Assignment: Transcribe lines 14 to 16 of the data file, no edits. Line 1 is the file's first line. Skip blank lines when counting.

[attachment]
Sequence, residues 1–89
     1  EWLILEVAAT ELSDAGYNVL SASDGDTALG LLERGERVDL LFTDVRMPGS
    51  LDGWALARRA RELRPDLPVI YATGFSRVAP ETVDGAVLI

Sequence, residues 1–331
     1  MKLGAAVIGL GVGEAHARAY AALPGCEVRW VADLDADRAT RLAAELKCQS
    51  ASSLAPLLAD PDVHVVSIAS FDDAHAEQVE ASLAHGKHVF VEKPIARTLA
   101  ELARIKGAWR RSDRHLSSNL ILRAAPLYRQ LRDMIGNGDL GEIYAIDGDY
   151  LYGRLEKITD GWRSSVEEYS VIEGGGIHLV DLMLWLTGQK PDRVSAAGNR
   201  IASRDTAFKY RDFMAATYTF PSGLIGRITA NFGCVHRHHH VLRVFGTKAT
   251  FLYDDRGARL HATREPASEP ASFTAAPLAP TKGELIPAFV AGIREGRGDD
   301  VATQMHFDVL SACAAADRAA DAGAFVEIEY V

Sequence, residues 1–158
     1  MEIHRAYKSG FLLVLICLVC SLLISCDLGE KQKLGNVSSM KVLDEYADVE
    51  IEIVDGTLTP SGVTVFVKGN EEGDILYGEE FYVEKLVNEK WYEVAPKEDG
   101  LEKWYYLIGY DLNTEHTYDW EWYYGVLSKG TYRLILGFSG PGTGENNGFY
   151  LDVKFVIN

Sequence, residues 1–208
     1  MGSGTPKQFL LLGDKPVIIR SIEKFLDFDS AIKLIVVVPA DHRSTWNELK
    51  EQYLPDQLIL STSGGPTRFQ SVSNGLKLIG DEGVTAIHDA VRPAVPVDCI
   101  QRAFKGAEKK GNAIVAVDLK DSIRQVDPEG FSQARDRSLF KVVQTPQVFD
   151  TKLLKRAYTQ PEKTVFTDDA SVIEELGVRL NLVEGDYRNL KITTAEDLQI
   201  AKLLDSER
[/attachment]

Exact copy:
    51  IEIVDGTLTP SGVTVFVKGN EEGDILYGEE FYVEKLVNEK WYEVAPKEDG
   101  LEKWYYLIGY DLNTEHTYDW EWYYGVLSKG TYRLILGFSG PGTGENNGFY
   151  LDVKFVIN